There wasn’t a lot I knew about Howard Hughes beyond the jokes that, by the 1980s, had become pervasive. Long fingernails, bottles of urine, complete disconnect from society were the punchlines that formed the majority of my knowledge of the reclusive billionaire. Watching Martin Scorsese’s The Aviator didn’t help much as it was so superficial in its treatment of the man, one focused on the things we already knew.
It turns out the best way to get to know him is by analyzing the impact his erratic, selfish and often flat out crazy behavior had on the people around him. In the case of Seduction: Sex, Lies, and Stardom in Howard Hughes’s Hollywood by Karina Longworth, it’s specifically the women he wooed and manipulated that offer insights into how all the issues Hughes suffered from manifested themselves.
Longworth’s narrative follows a more or less chronological timeline, following Hughes from his troubled childhood through the death that left more questions than answers to the kind of life he had lived. Instead of keeping the examining camera on Hughes, though, the story instead focuses on how his obsession with young and beautiful women defined many of his actions in Hollywood and elsewhere. Even more than that, she examines how those actions wound up causing problems for the targets of his obsessions.
That perspective is one that’s almost always overlooked or dismissed in biographies of powerful men.
Throughout the book, Longworth shows how Hughes used his money and influence in the early days of Hollywood to stalk young women. He may be known as a director and producer in an era when movies were transitioning from silent to talkies and beyond, but those roles were in service of sexually predatory behavior. Time and time again he identified his targets, signed aspiring actresses to exclusive contracts while at the same time trying to date them and promising marriage. He never followed through on most of these promises, either the personal or professional ones.
When many biographies focus on the accomplishments of powerful men, they usually begin and end with those accomplishments. “Look what they’ve achieved” we’re told by the author, even if the overall picture is less than flattering. The cost of those accomplishments is usually brushed to the side quickly, if they’re addressed at all.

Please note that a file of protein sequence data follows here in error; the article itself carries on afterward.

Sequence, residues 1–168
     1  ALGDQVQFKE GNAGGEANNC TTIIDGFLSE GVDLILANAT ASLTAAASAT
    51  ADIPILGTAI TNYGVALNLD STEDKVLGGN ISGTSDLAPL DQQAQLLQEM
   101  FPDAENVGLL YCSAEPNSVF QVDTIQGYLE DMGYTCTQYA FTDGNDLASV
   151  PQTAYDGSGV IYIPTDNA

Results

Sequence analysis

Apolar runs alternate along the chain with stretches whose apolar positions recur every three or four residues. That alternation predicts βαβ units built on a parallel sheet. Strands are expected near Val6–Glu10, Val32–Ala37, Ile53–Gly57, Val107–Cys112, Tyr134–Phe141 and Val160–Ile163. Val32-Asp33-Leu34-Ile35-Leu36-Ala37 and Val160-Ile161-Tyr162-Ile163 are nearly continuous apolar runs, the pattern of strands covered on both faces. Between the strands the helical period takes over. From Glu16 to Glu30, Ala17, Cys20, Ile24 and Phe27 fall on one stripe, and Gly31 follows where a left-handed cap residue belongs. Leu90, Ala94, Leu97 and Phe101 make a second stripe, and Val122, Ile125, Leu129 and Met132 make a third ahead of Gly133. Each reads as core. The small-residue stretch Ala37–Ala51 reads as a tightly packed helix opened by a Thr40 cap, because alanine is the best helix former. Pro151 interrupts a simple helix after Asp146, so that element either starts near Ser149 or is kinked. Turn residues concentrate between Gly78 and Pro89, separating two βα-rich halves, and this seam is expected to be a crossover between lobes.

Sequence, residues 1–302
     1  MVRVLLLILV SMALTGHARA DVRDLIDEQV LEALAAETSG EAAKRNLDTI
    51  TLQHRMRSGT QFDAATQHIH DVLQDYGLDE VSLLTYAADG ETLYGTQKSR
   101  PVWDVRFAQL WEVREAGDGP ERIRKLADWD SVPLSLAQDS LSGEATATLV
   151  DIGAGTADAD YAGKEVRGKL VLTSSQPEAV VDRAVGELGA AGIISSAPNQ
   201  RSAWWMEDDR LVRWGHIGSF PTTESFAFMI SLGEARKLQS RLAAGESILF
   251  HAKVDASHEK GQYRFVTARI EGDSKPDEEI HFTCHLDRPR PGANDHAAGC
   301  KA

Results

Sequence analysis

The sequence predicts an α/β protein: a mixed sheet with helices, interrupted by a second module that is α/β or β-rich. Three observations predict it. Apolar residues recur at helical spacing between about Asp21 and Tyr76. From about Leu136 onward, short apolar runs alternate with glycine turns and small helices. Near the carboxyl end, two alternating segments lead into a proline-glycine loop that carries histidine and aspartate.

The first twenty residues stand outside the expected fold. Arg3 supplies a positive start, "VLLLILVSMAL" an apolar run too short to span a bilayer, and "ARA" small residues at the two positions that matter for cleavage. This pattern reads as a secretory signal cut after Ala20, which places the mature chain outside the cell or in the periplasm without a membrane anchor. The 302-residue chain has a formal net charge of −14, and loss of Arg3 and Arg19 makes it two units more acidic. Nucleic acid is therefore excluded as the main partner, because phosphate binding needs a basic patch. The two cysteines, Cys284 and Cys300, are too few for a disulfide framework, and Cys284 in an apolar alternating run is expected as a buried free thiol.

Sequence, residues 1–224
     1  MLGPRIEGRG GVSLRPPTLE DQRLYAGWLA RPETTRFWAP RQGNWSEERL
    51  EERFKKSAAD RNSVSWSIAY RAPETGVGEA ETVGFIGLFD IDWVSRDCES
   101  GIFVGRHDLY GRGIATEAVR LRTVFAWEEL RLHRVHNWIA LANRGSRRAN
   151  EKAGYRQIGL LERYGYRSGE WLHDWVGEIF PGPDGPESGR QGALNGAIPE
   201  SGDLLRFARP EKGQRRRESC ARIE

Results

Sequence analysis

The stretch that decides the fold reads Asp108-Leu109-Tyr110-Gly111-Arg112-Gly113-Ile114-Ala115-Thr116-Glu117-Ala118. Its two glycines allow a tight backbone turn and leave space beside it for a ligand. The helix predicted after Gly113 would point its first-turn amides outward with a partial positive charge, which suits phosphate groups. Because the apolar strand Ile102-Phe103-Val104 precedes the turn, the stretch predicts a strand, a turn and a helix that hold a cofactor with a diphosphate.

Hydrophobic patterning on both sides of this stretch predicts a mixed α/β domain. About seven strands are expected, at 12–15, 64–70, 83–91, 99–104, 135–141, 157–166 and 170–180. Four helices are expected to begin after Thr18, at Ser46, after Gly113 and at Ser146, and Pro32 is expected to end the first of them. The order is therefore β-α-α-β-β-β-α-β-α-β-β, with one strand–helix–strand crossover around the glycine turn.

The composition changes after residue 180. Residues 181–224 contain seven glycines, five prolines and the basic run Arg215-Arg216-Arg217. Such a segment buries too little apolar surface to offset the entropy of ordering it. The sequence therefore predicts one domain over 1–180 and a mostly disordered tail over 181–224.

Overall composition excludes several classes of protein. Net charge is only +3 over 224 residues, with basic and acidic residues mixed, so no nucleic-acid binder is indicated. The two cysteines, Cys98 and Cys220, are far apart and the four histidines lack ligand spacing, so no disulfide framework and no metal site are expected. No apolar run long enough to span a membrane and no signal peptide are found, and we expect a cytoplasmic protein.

There’s a lot that can be learned from examining that cost. Many of the stories Longworth shares end in women being strung along for years, if not decades, by promises of being turned into a movie star or becoming Mrs. Howard Hughes. When neither comes to pass they find they are without prospects in either field, but have instead spent that time posing for cheesecake photos and having their lives surveilled and controlled in most every possible way.
That, then, is Hughes’ legacy. It’s not the movies he produced, the planes he designed or anything else, it’s the human carnage he left in his wake as he sought some sort of control over the world he couldn’t control despite the fortunes he amassed.
Seduction is a book that is perfect for anyone who wants to gain a deeper understanding of Hughes as well as for those, like me, who grew up loving old movies. Many of the names of the actresses, directors and others mentioned will be instantly familiar to anyone who grew up watching AMC back in the day when it actually showed classic films.
It’s also recommended for anyone who just enjoys damn fine writing.
My praise needs to be accompanied by the disclosure that I’ve worked with Longworth on a few different occasions since 2005. She was my editor at Cinematical, was involved in a Samsung program I worked on while at MWW and was the editorial lead at Spout.com at the same time I was the site’s director of marketing. I’m a long time Karina Longworth fan.
What comes through in the book is Longworth’s incredible talent for crafting multi-faceted phrases that convey one of the most unique writing voices I’ve ever come across. That voice has only gotten stronger over the years, honed recently in producing her podcast You Must Remember This, and listeners to that show will recognize some of the anecdotes shared in the book.
That podcast is billed as “exploring the secret and/or forgotten histories of Hollywood’s first century.” Those are exactly the kinds of stories in Seduction. Too many women wind up fading out, ending up as unknowns whose ultimate fate post-Hughes is unknown and unaccounted for. Many of the stories that *are* included were suppressed in the moment by Hughes and those he exerted control over to maintain his public image and the perception RKO and his other ventures were more successful than they were.
Make it a point to find Seduction in the very near future. It’s a fascinating look at how Hollywood in its early days took in young women by promising them the moon and then using them for background scenery. That, unfortunately, is not dissimilar to today’s entertainment world, where women under 25 seem to rotate into the public eye regularly but then are ushered out without fanfare after turning 40. What stories, one then has to wonder, will be told about those in power in the decades since Hughes’ passing?
One can only hope Longworth is still writing them.